Fatigue, persistent dry cough, shortness of breath, pain or pressure in your chest, confusion, loss of appetite with weight loss. These are all symptoms we associate with contracting COVID-19, a new and unique illness society is still grappling with the most effective way to combat.
Coincidentally, these symptoms also appear in another familiar illness that the union construction trades and contractors have been mitigating for generations, namely asbestosis or asbestos exposure.
The extreme risks associated with handling building materials containing asbestos has been well documented. Over the years, a robust body of safety and training protocols have emerged both in terms of direct abatement, as well as risk awareness. These collaborative efforts ensure that any union-affiliated construction crew that shows up to perform work understands the associated risks and adheres to the controlling safety plan, regardless of whether these risks deal with asbestos, lead, silica, secondary infection or coronavirus.
Infection control risk assessment (ICRA) is a more recent example of the local union commercial construction industry coming together not only to protect their workers, but also building owners and those they serve.
Understanding that the needs of the project owners, as clients, come first, the local construction industry has collaborated for years to address those concerns. Halting secondary infections in health care emerged as one of these needs. With the safety of vulnerable patients as a priority, contractors and the trades, in partnership with health care, endeavored on a course to develop and implement proactive indoor containment measures.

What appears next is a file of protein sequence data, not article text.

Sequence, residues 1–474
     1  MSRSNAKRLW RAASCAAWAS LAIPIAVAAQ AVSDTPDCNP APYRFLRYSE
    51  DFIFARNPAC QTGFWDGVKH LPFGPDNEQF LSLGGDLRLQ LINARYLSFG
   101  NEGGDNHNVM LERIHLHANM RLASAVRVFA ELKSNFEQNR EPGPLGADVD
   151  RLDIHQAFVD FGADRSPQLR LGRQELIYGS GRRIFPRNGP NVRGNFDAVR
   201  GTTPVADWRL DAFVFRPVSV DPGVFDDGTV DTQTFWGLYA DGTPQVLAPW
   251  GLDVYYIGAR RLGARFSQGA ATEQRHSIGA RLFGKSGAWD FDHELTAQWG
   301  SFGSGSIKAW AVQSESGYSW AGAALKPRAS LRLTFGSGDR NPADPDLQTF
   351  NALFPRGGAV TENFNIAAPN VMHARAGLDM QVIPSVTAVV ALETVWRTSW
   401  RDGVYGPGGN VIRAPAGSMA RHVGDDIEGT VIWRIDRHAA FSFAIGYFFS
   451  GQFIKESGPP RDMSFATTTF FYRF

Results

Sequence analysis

Initially, the value of ICRA was readily apparent and has quickly emerged as the industry standard with many, if not all, of the local joint-training centers providing 8-hour awareness training to union members. This has resulted in safer worksites and a following of containment protocols by all who set foot on the project.
Now, the industry’s long-standing focus on safety and advanced training standards, as evidenced by almost universal adoption of ICRA throughout the union trades, allows for a swift response to COVID-19. The mentioning of common precautions, such as stay 6 feet apart, wear a mask and remain at home if you feel ill, are so widespread that they offer little to the conversation here.
Easily implementing advanced standards, like erecting temporary barriers in interior, close-contact environments, or properly handling and disposing of PPE, are firmly rooted in ICRA training.
The greatest advantage that differentiates these crews is their heightened focus on safety. This crucial buy-in creates an environment where COVID awareness and safety protocols can be seamlessly integrated into any project. Working with contractors and trades who utilize ICRA as a baseline awareness tool helps reduce the risk of COVID spreading due to construction activity.
From asbestos and lead, to silica and secondary infection, and now COVID-19, the construction industry has faced down many environmental risks. With a clear focus on prioritizing safety, the essential work of building our community continues, thanks in large part to the union trades and contractors adopting an industry-wide mindset rooted in collaboration on behalf of project owners. These new challenges only serve to reaffirm the approach of doing things the right way.